On a walking holiday (and honeymoon) in early post-war southern France, a young idealistic woman, June Tremaine, is terrified by an encounter with two menacing attack dogs. This incident leads in turn to a spiritual experience and changes her life. Surprisingly she decides on an apparent whim to live in France (very near to the scene of the attacK), in the process effectively separating from her new husband, Bernard.

This incident is the kernel around which McEwan winds this novel. Ostensibly a memoir written by June and Bernard’s son-in law, written shortly after June’s death, this novel has a complex narrative structure in which the telling of the tale is delayed time after time. The dogs themselves carry a heavy symbolic burden that they couldn’t quite bear – we know from the early pages that however scary they may be they do not carry out their attack (or at least that June survives to go on and have a family). And in fact it is not the encounter with the dogs which is the turning point in June’s life, but the spiritual epiphany which follows. While we can be gripped and menaced by the dogs, June’s quasi-religious response is not one the reader can easily follow or identify with.

If you have been scared out of your wits, and feel that your survival is a result of divine intervention, and that you need to rethink your life choices as a result – fine – but June’s response, essentially settling in a farmhouse in rural France and having a very nice, fundamentally selfish and not particularly spiritual life for the rest of your days, doesn’t seem to be a coherent response.

The scenes in Berlin as the Wall is coming down, something that obviously has an especial resonance for McEwan, contrast strikingly with the views of France. If a point is being made here – other than the mundane “war is brutalising and nasty” I couldn’t spot it. War has ravaged and damaged France, but the area the couple visit on their walking holiday seems largely untouched, even though the spectral presence of the black dogs is a reminder of the damage the war has done. But other than providing “colour” I didn’t understand why the scenes in Berlin in which the narrator hears a different version of the story of June and Bernard’s marriage needs to have the backdrop of the fall of the Wall.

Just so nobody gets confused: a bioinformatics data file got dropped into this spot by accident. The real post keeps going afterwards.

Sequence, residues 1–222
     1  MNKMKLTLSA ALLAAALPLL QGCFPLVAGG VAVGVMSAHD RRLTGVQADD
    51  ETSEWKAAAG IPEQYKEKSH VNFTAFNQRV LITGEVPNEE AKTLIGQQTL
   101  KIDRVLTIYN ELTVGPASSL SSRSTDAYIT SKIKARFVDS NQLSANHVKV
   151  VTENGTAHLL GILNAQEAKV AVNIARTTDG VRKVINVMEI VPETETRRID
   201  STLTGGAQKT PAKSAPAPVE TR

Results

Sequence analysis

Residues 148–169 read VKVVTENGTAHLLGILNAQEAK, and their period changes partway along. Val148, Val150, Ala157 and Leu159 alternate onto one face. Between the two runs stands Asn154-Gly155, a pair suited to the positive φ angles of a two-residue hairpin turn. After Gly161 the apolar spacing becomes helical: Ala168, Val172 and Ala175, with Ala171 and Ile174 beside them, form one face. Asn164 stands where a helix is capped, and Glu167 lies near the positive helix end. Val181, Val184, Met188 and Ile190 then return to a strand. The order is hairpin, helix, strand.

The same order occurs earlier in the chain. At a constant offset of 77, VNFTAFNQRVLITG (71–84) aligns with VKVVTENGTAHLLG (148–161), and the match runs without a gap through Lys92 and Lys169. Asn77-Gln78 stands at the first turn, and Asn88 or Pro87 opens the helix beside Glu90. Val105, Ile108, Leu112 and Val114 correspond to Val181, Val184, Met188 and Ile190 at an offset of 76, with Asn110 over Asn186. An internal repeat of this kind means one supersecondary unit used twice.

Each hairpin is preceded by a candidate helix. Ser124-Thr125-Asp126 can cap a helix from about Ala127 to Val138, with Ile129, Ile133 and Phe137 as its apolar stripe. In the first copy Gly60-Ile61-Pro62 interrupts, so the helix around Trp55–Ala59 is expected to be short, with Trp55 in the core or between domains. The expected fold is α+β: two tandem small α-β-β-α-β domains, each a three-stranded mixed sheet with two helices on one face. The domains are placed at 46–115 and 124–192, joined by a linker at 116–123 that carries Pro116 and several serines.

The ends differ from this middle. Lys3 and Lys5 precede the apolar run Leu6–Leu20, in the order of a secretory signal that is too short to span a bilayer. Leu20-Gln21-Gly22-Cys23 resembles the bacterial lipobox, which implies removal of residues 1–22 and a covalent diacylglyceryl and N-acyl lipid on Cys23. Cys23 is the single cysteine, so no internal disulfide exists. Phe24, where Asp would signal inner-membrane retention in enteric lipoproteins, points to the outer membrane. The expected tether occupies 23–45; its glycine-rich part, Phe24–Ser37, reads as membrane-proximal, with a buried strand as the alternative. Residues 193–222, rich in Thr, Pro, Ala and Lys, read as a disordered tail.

McEwan can be forgiven some misses among the many hits. This isn’t his worst novel – I still struggle to accept just how silly “Amsterdam” was and is – but others are far more coherent and interesting. I don’t normally do this but one comment from an Amazon reviewer jumped off the screen as spot on – “there is also the idea that McEwan perhaps had a deeper vision he has failed to communicate.”